By writing short, two- or three-page stories from your life, a picture of you will begin to emerge. Before you know it, you’ll have a stack of stories to share with friends and family.”
I can’t wait to explore more of Tami’s blog. I’m sure I’ll be sharing more from Your Story Coach in the future. Pop on over to her blog and see what I mean.
I was reading “The Friend” (a children’s magazine published by the Church of Jesus Christ of Latter-day Saints) recently and I just had to post this story here. It features a rag rug made from old clothes with the idea that each piece of cloth reminds the rug maker of memories and stories from their life. What a great idea for a story project!
The Story Rug
By Kay Timpson
(Based on a true story)
Who knew so many stories could be wrapped up in one rug?We as the children can seek out our loved ones, preserving their names and their memory (Children’s Songbook, 90–91).
Katy skipped along the sidewalk toward the big oak tree at the corner of her street. The old tree made Nana’s house easy to find.
As usual, Nana was sitting in her living room, quietly braiding and sewing strips of bright cloth. The polished wooden floors of Nana’s house were decorated with beautiful rugs that Nana made herself.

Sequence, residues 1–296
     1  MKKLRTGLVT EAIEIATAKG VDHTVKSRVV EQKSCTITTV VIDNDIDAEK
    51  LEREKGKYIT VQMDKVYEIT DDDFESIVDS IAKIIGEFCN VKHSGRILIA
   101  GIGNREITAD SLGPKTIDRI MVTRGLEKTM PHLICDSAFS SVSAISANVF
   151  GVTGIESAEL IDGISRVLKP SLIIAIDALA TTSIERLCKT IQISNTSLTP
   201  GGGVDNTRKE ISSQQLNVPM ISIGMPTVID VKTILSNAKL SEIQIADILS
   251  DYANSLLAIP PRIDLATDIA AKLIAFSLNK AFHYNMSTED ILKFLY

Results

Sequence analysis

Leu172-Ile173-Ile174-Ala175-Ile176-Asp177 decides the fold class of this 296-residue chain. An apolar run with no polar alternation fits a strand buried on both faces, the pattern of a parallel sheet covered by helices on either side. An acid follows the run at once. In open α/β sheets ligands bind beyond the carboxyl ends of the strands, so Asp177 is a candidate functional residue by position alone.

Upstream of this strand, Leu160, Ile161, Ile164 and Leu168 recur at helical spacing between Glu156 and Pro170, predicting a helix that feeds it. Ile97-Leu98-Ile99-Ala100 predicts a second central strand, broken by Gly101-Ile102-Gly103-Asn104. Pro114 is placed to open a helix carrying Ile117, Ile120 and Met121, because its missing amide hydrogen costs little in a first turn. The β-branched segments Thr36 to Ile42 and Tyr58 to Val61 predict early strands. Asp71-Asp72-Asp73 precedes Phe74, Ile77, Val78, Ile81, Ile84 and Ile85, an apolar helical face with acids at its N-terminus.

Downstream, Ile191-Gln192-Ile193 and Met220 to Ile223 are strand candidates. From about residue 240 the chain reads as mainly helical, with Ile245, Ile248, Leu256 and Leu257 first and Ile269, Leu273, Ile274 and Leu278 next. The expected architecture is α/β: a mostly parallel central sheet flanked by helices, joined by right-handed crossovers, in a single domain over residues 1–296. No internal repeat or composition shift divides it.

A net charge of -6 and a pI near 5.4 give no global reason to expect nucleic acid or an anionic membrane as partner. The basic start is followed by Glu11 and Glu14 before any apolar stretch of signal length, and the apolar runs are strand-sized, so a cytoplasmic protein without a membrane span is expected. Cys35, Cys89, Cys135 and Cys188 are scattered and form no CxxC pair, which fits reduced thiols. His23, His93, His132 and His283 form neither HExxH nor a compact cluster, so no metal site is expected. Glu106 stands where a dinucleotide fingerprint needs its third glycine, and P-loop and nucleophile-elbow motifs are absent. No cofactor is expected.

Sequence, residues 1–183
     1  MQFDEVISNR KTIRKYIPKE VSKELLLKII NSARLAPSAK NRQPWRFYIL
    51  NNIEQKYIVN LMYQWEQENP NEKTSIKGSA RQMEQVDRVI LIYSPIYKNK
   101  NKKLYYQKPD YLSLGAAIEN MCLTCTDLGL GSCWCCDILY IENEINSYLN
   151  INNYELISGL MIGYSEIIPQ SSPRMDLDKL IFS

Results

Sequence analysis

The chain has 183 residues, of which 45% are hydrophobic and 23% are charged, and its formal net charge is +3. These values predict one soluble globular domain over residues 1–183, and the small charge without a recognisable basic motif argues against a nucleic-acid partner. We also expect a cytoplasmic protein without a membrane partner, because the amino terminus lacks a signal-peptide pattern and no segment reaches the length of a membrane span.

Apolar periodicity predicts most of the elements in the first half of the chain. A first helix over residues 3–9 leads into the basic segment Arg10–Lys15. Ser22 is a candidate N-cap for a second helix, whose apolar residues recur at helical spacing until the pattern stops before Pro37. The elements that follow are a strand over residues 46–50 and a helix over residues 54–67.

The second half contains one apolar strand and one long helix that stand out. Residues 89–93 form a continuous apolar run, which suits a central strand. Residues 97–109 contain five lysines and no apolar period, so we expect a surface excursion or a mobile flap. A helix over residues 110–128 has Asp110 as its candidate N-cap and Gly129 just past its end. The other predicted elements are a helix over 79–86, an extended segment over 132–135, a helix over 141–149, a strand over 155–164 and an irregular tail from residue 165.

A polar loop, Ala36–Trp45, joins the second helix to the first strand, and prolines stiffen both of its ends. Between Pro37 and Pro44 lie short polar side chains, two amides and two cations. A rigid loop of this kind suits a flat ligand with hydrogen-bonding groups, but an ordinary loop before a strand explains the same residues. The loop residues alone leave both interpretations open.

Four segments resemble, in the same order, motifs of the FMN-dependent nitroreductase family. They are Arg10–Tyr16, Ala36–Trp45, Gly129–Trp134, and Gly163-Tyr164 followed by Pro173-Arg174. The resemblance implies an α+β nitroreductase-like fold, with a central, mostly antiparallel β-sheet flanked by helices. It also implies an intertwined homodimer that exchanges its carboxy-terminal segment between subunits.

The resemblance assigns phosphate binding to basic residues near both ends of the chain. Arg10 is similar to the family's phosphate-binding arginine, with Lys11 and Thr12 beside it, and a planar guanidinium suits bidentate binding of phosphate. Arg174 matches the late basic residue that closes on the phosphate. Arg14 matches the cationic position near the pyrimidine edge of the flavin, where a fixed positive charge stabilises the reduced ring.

“Hello, honey,” Nana said as Katy came in. Soon they were talking about what Nana called the “old days.” They looked at black-and-white photos together. Katy especially liked seeing the clothes and hairstyles her relatives wore when they were younger.
“Things were very different then,” Nana said with a sigh. “You know, we didn’t have cars or TV or cell phones.”
Katy couldn’t even imagine having to walk everywhere. “What did you do for fun, Nana?” Katy asked.
“We loved to sing together. We would gather around the piano in the evening and sing our favorite songs. Sometimes we’d sing ourselves hoarse! It was such a fun time.”